The New York State Library has a new exhibit, “A Nation of Immigrants,” which focuses on the past and present immigrants in the United States.
The centerpiece of the exhibit is a two-page spread from the July 2, 1887 issue of Frank Leslie’s Illustrated Newspaper, which appeared less than a year after the Statue of Liberty was dedicated. The caption reads, “New York — Welcome to the Land of Freedom — An Ocean Steamer Passing the Statue of Liberty: Scene on the Steerage Deck.” Continue reading
State Librarian Bernard A. Margolis, 69, died early Saturday, April 14th, after an eight-year battle with acute myeloid leukemia. His wife of 45 years, Amanda Batey, and close friends were by his side.
Margolis, known as Bernie, began serving as New York State Librarian and Assistant Commissioner for Libraries in January 2009, following appointment by then Governor Eliot Spitzer. Continue reading
A talk at the New York State Library will tell the story of the “soldier shows” which were presented during and after the first World War.
The program, titled “Broadway Goes to War: Soldier Shows of World War I,” will be held on Saturday, October 28, 2017, at 2 pm, at the State Library, located in the Cultural Education Center, 222 Madison Avenue, Albany, New York. Local author David Fiske will be the presenter. Continue reading
In the United States of America, President’s Day is always celebrated on the third Monday in February, and that occasion will serve a short four-week term as the theme of this month’s New York State Library public floor exhibit. Continue reading
The New York State Library commemorates the 75th anniversary of the attack on Pearl Harbor with an exhibit on the 7th floor, the centerpiece of which is a small but interesting collection of papers left by one Private First Class/later Sergeant Archibald Francis McCaw, who preferred to be known as Fran.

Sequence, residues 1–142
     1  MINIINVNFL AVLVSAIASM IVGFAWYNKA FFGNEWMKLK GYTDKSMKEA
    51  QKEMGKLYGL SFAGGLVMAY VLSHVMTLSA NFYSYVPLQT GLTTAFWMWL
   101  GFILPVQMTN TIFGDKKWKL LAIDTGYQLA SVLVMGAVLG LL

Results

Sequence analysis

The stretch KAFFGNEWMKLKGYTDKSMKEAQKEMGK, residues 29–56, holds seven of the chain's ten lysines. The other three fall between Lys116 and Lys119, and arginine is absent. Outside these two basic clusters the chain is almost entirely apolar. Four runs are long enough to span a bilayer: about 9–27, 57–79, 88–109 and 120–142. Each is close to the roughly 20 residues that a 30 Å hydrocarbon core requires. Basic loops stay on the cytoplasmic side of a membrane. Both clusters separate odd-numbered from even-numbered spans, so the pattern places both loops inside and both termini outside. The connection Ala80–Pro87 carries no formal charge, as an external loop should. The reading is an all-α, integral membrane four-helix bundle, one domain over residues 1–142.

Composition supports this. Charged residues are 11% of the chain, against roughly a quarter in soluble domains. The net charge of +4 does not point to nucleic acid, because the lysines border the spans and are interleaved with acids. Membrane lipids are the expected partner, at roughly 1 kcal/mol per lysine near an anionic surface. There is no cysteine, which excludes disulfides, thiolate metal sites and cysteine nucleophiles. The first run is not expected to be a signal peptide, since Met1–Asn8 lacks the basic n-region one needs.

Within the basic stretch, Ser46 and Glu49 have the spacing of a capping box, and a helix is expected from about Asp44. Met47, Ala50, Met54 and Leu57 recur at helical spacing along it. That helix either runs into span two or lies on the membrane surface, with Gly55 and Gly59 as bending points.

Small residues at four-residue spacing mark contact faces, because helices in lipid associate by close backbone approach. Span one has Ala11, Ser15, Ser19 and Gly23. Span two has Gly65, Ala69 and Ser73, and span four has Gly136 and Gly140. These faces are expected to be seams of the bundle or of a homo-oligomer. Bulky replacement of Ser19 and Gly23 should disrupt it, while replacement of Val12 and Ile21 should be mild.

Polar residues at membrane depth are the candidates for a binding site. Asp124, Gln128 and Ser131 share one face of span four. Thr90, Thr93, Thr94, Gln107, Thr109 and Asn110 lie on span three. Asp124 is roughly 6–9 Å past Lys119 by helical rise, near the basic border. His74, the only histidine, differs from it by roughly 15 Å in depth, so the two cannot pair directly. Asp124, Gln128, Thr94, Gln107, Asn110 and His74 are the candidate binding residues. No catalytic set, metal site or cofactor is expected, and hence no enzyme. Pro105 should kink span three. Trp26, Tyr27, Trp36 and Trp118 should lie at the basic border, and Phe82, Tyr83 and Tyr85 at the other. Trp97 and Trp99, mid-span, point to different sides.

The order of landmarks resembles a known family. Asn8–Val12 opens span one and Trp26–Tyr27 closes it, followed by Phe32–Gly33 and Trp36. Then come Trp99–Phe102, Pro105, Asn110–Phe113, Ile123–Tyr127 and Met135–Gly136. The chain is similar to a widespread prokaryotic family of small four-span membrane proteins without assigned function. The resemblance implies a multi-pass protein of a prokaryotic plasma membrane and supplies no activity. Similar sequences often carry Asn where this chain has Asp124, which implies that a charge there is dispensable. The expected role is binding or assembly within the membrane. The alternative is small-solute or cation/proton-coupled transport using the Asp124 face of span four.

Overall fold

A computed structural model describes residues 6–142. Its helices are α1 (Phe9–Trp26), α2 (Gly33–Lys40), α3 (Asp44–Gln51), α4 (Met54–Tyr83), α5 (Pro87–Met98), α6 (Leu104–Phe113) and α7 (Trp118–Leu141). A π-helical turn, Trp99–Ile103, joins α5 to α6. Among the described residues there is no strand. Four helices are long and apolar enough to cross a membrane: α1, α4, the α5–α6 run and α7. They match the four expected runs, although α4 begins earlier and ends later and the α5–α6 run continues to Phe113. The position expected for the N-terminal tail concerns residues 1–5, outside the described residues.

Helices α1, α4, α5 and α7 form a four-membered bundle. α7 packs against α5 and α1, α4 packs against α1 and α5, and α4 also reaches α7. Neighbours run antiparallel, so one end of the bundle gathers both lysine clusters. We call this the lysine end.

From the memo section of Private McCaw’s small five-year diary, it is learned that after basic training he left Brooklyn Army Base for Honolulu, Hawaii aboard the troop transport Republic, arriving on 9/13/1939. He was assigned to Company C of the 35th US Infantry, Schofield Barracks. “It was sure great to begin my time and get it over in a hurry.” Little did he know. Continue reading
Charles Gehring, director of the New Netherland Research Center at the New York State Library in Albany, recently joined host Jane E. Wilcox on the podcast Forget-Me-Not Hour, for two consecutive episodes.
Gehring talked about the Center’s project of transcribing and translating the provincial Dutch records of New Netherland. He shared the astonishing history of the records, his most recent work to put them online, explained what genealogists and historians can find in them, and more. Continue reading
West Kill Creek by Shawn Purcell (Troy Book Makers, 2014) is a contemplative work of post-apocalyptic fiction set in upstate New York and shot-through with local history.
A particularly lethal virus has rapidly wiped out most of civilization. A hardy band of survivors does what it takes to stay alive, but the novel also reverberates with the echoes of local history and deep time, the beauty and terror of nature, the power and glory of books, current environmental and political issues, and actual events and places. Continue reading